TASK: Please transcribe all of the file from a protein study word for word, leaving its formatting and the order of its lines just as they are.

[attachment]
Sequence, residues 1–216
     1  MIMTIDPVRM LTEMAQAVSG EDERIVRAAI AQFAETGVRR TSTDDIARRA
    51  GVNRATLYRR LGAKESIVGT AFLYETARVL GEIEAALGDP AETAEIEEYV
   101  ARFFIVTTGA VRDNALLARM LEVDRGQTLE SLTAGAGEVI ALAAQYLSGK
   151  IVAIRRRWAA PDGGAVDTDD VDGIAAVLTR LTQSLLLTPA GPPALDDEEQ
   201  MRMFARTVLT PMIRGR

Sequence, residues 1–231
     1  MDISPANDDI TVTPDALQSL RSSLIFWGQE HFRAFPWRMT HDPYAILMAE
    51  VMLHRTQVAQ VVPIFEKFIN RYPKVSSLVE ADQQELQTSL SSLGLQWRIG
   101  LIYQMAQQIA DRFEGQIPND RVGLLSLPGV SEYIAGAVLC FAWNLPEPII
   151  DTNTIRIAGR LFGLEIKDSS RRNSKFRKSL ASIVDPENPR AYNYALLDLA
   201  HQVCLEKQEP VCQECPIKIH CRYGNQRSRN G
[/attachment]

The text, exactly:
Sequence, residues 1–216
     1  MIMTIDPVRM LTEMAQAVSG EDERIVRAAI AQFAETGVRR TSTDDIARRA
    51  GVNRATLYRR LGAKESIVGT AFLYETARVL GEIEAALGDP AETAEIEEYV
   101  ARFFIVTTGA VRDNALLARM LEVDRGQTLE SLTAGAGEVI ALAAQYLSGK
   151  IVAIRRRWAA PDGGAVDTDD VDGIAAVLTR LTQSLLLTPA GPPALDDEEQ
   201  MRMFARTVLT PMIRGR

Sequence, residues 1–231
     1  MDISPANDDI TVTPDALQSL RSSLIFWGQE HFRAFPWRMT HDPYAILMAE
    51  VMLHRTQVAQ VVPIFEKFIN RYPKVSSLVE ADQQELQTSL SSLGLQWRIG
   101  LIYQMAQQIA DRFEGQIPND RVGLLSLPGV SEYIAGAVLC FAWNLPEPII
   151  DTNTIRIAGR LFGLEIKDSS RRNSKFRKSL ASIVDPENPR AYNYALLDLA
   201  HQVCLEKQEP VCQECPIKIH CRYGNQRSRN G